Jack Charlton was the nations favourite Englishman and responsible in large part for the confident nation we became.
The passing of loved ones and those around us has been especially poignant during these days of pandemic lockdown.
The social distancing and crowd restrictions have taken from us the ability to do funerals in the way we do them so well, as comfort for those left behind and as celebration of a life lived.
Jack was not our parent or uncle, our neighbour or our colleague, and yet he kind of felt like most of these all rolled up into one.
Ireland was a very different place when he came to join us in 1986. We were a nation of unemployment and emigration, not by choice but by need. Sport was about the All Irelands but neither our Rugby nor our football teams were much to get excited about.
Fewer than six thousand had gone to Dalymount Park only two years before to watch a 0-0 draw with Mexico and Eoin Hand’s time as Ireland manager was limping to a close.
The decision was taken to shake things up and interviews were set up with a variety of managers in England and Ireland.Four names went forward to the FAI Council to vote on in 1986. Bob Paisley had just stepped down as Liverpool Manager but had said previously he was not interested. Liam Tuohy and Johnny Giles were the two home grown candidates and then there was Jack Charlton.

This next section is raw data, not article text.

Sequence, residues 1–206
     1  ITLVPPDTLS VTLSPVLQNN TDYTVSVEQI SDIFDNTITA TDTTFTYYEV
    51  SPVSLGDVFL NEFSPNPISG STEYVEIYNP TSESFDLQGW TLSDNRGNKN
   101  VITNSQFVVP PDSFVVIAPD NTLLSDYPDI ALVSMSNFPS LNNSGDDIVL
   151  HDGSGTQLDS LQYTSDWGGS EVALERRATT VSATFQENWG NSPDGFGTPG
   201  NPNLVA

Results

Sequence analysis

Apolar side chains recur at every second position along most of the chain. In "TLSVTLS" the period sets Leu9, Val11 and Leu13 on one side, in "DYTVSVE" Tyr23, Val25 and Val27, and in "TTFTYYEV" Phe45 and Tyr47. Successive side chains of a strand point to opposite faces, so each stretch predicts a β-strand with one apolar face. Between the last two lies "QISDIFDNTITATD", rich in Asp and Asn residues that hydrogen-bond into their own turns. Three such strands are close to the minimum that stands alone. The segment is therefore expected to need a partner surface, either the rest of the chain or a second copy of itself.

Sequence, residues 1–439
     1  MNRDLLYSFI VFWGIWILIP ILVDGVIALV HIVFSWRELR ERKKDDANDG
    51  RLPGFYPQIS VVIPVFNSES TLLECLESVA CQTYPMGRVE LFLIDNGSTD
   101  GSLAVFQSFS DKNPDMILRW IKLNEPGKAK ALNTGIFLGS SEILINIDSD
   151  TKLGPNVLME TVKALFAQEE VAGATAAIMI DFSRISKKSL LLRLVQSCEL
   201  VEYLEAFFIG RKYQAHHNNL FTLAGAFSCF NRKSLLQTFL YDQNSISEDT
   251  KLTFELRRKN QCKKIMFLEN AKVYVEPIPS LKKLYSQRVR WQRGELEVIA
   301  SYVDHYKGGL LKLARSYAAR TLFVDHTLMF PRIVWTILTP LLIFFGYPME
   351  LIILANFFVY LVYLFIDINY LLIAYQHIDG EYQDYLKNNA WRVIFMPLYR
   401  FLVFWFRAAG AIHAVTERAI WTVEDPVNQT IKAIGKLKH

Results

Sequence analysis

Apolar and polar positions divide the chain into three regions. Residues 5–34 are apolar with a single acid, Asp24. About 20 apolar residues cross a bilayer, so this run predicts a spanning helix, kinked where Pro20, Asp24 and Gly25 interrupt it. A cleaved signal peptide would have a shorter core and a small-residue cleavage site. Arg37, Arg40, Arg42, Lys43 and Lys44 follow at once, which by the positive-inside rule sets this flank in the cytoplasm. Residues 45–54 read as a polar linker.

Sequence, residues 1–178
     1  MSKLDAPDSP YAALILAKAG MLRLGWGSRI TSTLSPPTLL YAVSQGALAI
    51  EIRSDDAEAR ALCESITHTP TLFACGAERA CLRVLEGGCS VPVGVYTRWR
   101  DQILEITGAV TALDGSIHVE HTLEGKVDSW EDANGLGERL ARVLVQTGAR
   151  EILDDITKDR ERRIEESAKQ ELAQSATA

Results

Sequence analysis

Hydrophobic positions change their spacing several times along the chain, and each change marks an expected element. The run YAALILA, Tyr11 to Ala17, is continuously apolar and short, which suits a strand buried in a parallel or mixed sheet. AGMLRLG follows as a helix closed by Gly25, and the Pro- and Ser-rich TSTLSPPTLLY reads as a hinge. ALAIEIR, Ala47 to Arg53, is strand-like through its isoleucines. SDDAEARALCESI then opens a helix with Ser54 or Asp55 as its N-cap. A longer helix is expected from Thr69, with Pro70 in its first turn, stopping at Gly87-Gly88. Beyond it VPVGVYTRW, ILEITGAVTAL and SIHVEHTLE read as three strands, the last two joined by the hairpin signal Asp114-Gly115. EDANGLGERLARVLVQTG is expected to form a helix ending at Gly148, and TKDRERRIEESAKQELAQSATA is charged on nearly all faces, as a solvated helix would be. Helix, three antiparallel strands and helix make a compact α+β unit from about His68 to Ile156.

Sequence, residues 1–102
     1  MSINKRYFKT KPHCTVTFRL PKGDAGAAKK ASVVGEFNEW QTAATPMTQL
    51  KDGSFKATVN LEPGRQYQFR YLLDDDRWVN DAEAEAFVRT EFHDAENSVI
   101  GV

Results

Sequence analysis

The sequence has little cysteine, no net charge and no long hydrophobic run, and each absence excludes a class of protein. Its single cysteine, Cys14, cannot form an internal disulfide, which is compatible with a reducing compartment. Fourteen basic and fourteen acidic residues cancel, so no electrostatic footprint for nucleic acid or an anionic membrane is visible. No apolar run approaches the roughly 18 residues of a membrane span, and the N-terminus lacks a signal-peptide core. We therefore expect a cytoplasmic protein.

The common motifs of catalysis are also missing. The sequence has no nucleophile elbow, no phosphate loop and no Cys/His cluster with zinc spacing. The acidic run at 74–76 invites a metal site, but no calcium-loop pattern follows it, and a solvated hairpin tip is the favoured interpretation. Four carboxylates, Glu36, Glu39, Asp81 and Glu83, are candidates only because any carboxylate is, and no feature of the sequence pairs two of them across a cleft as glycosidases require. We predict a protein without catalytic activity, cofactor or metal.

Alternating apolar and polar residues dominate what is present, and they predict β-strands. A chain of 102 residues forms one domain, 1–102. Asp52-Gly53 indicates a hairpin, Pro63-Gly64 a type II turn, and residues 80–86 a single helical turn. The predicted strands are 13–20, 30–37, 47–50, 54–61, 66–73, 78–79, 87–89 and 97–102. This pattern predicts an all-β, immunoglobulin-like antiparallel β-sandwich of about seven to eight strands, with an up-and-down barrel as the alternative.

He had been a World Cup winner with England in 1986 and had a managerial career that took in mixed success at Middlesbrough, Sheffield Wednesday and Newcastle.
He won through in a tight battle with Paisley but his appointment was greeted as much with apathy than any other emotion.
How that was all to change as he led the Republic of ireland to victory over England in our first major finals of 1988, the wonder of Italia 90 and a place in the World Cup Quarter Finals and then to USA 94.
Memorable times for Irish sport and ones that gave us a national confidence that filtered through to the blooming of a modern nation.
Charlton wore his popularity with an easy charm and a twinkle. That famous smile from the dugout in Italy, the iconic stadium walks in Rome and at Anfield on his final day in charge.
We loved what he had given to us and if there is or has ever been a more popular Englishman on this Ireland, then I could not name him.
His time came during a period where peace in Northern Ireland looked impossible and where bombs in our name were going off across England.
Yet here was a man who could not be more English, leading us on the party of a lifetime.
The memories never dimmed and on his many journeys back in subsequent years he was always greeted with love and affection.
This year was the 30th anniversary of Italia 90 and in the absence of live sport its celebration was more widespread and its coverage enjoyed again by a whole new generation.
His journey into Irish legend could never have been forecast and nor could the events of this year. That he should take his leave of us at a time when memory of great moments in the past has never been more important is just another sure footed quirk of fate.
We have celebrated his life throughout the weekend and those of us lucky enough to have lived through those halcyon days and in some way been touched by this gruff northern soul will forever be grateful.
Thank you Jack, it was a lot of fun.